J. I. Packer, one of the most respected and well-known theologians of our time, passed away on Friday, July 17, at the age of 93.
Once named to Time magazine’s list of the 25 Most Influential Evangelicals in America, James Innell Packer wrote what many consider the definitive classic evangelical book of the twentieth century, Knowing God, which has sold more than one million copies in North America alone.
Jeff Crosby, publisher for IVP said, “J. I. Packer was a man who knew and loved God and helped others to do likewise. Knowing God, which we first published in 1973, is but one example from his life of writing and teaching.”
“There’s a difference between knowing God and knowing about God,” Packer wrote. “When you truly know God, you have energy to serve Him, boldness to share Him, and contentment in Him.”
As the author of forty-seven books, as well as untold numbers of journal articles, book reviews, dictionary entries, and forewords, Packer’s prolific work has impacted countless pastors, thought leaders, theologians, and authors.
Jim Hoover, who served as an editor at IVP for thirty-five years, said, “Jim Packer was a remarkable presence. I had the privilege of meeting with him on various occasions over the years, and he always impressed me as a man of grace and humor, erudition and humility, a man who loved God and who, though he crafted what he said carefully even in casual conversation, never took himself overly seriously. He was extremely generous, some might say overly generous, almost never declining to provide endorsements in his support of young writers.”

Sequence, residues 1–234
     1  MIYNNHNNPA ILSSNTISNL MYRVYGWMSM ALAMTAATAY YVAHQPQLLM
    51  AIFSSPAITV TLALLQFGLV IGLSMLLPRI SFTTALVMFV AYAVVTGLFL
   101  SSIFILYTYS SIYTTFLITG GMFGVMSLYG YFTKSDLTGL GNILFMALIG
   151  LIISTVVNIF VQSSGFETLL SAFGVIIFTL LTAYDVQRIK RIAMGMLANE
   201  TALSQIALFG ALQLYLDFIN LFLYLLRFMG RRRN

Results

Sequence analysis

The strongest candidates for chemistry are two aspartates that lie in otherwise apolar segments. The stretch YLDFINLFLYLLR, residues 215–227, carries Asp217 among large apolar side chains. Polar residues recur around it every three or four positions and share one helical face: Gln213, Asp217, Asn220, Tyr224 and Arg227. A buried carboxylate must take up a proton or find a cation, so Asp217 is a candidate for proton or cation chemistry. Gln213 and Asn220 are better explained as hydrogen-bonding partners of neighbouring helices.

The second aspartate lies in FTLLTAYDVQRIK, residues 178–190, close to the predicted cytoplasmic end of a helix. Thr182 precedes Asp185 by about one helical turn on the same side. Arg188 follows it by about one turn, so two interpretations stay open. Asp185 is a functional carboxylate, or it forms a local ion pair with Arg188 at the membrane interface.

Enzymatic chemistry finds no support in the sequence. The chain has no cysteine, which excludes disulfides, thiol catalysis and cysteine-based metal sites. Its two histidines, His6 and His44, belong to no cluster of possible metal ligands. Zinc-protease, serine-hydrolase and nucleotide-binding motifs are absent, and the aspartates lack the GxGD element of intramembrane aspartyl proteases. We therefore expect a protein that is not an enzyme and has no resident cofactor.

Packer was born in a village outside Gloucester, England, on July 22, 1926. When he was seven, while being chased by a bully as he left school, Packer suffered a severe head injury in a collision with a van. Unable to participate in sports after the accident, Packer instead turned his attention to his love for reading. And when he turned eleven, Packer was gifted an old Oliver typewriter from his parents. Little did they know that their son would go on to craft every word of every one of his books on a typewriter.
Bob Fryling, former publisher for IVP, said, “I was privileged to know Jim Packer as a distinguished IVP author. He had a joyful countenance and a godly pastoral heart. But he used to joke about being hard-headed because he had a metal plate in his forehead from an accident in his youth. However, it was not by accident that Jim became known for his clear theological thinking and writing. He was always able to get to what he would say to be ‘the nub of the issue’ no matter how complex it was.”